As India continues to grapple with the issue of black money stashed away abroad, help may finally be forthcoming in making the so-called tax havens fall in line. While G-20 is already in the process of finalising countermeasures to rein in these banks by March 2010, top officials of the French government confirmed to TOI that France will settle for nothing more than crippling sanctions on these banks by the Group if they don't respond to the calls for more transparency in their functioning by that time.
As per some estimates, India has around $1.4 trillion stashed away in these banks making it one of the main victims of the outflow of black money. According to Global Financial Integrity, a US-based thinktank, India is at the fifth position in the list of 160 countries affected by the outflow of black money.
"France is aware of the outrage in India over the issue. The G-20 has already made its position clear and we are going to insist that sanctions are put in place by March 2010 if there is no response from these tax havens," said a senior French official based in Paris.
"There is going to be a comprehensive list of sanctions. We will insist on entities not just not putting money in these banks but also severing all links with them to force them into making their functioning more transparent," he added.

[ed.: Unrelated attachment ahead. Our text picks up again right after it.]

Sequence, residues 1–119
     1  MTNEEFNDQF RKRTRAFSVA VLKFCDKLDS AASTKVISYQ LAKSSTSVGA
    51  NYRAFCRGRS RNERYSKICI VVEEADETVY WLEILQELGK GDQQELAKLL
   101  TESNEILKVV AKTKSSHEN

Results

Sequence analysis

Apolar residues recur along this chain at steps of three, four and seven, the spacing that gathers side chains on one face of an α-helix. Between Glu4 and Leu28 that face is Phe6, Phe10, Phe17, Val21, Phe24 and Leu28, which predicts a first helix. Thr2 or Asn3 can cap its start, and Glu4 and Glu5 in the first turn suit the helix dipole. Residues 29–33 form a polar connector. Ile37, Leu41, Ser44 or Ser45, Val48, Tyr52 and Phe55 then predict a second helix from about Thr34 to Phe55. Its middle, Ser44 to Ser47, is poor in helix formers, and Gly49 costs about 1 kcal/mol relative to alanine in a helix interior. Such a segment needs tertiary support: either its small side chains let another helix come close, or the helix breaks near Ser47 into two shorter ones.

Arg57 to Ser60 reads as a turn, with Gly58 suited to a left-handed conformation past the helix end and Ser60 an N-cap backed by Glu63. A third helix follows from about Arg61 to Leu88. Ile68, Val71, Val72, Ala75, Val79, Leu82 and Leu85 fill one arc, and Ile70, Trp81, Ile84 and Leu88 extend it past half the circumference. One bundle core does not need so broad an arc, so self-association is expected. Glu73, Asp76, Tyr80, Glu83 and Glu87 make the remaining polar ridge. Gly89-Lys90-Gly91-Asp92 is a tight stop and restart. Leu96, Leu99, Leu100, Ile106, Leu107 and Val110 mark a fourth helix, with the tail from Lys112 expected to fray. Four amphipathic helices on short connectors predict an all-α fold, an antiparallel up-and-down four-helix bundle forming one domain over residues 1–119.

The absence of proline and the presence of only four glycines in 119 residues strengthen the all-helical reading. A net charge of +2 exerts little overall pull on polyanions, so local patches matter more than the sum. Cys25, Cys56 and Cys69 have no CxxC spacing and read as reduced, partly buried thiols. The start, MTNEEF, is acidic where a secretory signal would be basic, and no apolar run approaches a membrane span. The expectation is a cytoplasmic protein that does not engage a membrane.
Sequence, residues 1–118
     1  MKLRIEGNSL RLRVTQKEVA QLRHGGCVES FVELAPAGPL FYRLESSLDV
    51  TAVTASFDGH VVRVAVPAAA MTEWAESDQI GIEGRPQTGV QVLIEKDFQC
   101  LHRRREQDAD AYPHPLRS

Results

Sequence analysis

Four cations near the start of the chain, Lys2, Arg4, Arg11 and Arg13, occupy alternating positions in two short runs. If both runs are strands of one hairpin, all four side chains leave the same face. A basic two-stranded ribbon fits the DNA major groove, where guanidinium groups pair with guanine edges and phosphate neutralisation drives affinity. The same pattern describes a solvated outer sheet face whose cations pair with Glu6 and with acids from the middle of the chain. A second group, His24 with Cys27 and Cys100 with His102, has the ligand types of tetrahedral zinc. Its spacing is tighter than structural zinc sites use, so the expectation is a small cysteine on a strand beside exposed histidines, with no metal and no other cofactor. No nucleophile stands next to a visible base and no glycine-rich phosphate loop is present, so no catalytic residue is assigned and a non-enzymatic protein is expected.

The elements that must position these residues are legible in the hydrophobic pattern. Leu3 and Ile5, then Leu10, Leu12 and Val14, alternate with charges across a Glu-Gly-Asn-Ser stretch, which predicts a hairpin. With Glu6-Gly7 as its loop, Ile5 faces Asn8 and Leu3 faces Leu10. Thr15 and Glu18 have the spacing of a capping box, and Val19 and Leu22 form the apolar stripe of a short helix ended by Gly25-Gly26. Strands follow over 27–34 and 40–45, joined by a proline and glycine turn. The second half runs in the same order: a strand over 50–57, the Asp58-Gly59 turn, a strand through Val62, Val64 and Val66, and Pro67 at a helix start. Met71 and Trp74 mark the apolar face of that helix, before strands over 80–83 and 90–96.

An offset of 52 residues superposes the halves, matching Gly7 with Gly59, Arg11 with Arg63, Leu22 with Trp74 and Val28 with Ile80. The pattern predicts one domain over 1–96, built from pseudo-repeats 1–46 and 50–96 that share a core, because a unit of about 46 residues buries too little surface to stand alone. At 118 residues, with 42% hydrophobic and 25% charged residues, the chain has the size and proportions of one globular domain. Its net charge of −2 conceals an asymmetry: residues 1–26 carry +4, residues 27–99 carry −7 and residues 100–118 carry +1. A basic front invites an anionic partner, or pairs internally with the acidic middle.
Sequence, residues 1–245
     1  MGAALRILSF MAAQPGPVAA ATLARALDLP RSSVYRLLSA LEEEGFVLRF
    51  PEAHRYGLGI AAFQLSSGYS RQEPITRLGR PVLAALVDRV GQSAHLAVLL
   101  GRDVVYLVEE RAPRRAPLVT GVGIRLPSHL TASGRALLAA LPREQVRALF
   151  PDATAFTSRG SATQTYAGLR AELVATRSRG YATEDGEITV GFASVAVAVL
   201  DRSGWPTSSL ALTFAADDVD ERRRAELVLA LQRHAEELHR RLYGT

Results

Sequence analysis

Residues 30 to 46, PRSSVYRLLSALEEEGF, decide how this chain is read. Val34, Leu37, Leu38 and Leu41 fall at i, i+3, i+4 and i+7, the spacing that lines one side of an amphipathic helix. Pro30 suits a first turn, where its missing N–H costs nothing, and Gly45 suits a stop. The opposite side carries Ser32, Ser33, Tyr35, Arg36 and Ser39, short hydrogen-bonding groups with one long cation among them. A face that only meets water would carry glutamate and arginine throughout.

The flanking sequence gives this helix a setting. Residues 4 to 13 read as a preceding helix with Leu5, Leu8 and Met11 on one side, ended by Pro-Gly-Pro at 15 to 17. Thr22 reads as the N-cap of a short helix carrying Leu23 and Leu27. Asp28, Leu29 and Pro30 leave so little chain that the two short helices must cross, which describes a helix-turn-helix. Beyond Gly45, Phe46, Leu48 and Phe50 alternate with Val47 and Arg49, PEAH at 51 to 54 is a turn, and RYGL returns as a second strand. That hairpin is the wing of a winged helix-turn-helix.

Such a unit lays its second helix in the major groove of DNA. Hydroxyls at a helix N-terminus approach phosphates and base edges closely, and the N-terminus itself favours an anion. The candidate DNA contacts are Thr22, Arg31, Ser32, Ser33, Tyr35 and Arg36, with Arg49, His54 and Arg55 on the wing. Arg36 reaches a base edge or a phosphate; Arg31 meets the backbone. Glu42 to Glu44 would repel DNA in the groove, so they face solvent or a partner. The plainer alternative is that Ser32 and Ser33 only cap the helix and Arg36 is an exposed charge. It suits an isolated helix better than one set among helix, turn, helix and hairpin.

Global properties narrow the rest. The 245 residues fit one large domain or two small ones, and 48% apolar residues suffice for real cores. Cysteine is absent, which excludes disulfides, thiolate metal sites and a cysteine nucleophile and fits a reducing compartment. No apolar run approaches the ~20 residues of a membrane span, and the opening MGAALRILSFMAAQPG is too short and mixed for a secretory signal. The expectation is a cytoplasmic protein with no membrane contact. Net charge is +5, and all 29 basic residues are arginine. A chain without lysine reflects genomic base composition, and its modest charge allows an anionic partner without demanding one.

As per estimates, almost half of India's black money abroad is lying in Swiss bank accounts and the remaining in tax haven countries with which India has signed double taxation avoidance agreements.
G-20 leaders agreed in April this year to name the tax havens in a list drafted by the Organisation for Economic Cooperation and Development (OECD) and threatened to impose sanctions on errant banks.
Switzerland, which is said to store a third of the total offshore wealth of all countries put together, is under pressure and has promised to ratify tax treaties to avoid penalties. In fact, it is already being talked about as a dilution of its famed bank secrecy laws. It is also renegotiating the double taxation avoidance agreement with India which was signed in 1995 and has said that the modified pact will help New Delhi seek and avail more information about Swiss bank account holders.